A research team in Colombia has studied using palm oil bio-waxes as an alternative to petroleum products in cosmetics, Cosmetics Design Europe wrote on 12 October.

“Natural waxes derived from plants or animals such as beeswax, carnauba and candelilla are renewable, biodegradable and non-toxic, and have excellent physicochemical properties,” one of the scientists in the research team from the Universidad Industrial de Santander was quoted as saying.

However, the cost of beeswax is increasing due to bee population collapses and supply shortages, according to the report.

Prior studies had shown oil from palm could be used as a substrate for producing bio-waxes with similar traits to beeswax and carnauba, Cosmetics Design Europe wrote.

The researchers studied seven bio-waxes based on refined and bleached African palm oil and refined palm kernel oil. The seven bio-waxes were chosen from 45 based on analysis by the authors.

After hydro-treating the palm oil and palm kernel oil, analysis and experiments were conducted to determine pH, melting point, penetration value (or consistency), chemical composition, microbiological activity, toxicity, antioxidant activity and irritation, the report said. Beeswax and carnauba wax were used as controls.

Six of the bio-waxes were yellow-white and solid while one was liquid, with pH ranging from 4.4 to 5.4.

“Since the pH of the natural skin surface is acidic, on average 4.7, the pH obtained in the bio-waxes’ supernatants is potentially related to no, or low, risk of toxicological effects,” the authors wrote.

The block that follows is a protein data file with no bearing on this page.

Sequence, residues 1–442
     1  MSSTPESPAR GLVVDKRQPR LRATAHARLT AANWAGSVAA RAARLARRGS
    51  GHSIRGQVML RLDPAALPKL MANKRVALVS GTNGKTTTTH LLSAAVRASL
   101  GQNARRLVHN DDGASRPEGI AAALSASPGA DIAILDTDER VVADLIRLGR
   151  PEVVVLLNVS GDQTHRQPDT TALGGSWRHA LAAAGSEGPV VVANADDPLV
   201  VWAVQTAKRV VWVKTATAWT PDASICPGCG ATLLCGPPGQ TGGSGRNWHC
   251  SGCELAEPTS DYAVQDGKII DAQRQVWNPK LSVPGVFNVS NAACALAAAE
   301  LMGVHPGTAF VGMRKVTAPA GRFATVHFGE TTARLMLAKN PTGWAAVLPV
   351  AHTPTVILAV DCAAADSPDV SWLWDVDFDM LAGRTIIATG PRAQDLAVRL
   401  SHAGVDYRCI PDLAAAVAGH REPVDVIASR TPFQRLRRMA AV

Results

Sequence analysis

As the melting point of the bio-waxes was lower than beeswax or carnauba wax, chemical modification or refinement would be needed to achieve a higher melting point – if needed – for application. Penetration values were similar to beeswax.

No bacteria or fungi were detected in the bio-waxes and they were proven to not be cytotoxic to the cell lines studied. No antioxidant activity was recorded for both the bio-waxes and the control waxes and no irritation was found when tested on mice skin.

“The BW1–BW7 bio-waxes obtained by hydrotreating palm and palm kernel vegetable oils showed excellent physicochemical properties, including an intermediate hardness, which, when using this type of bio-wax, can eventually result in products with sensory characteristics related to their extensibility,” the authors wrote.

Their research paper, ‘Biowaxes from Palm Oil as Promising Candidates for Cosmetic Matrices and Pharmaceuticals for Human Use’, was first published on 15 June in Materials.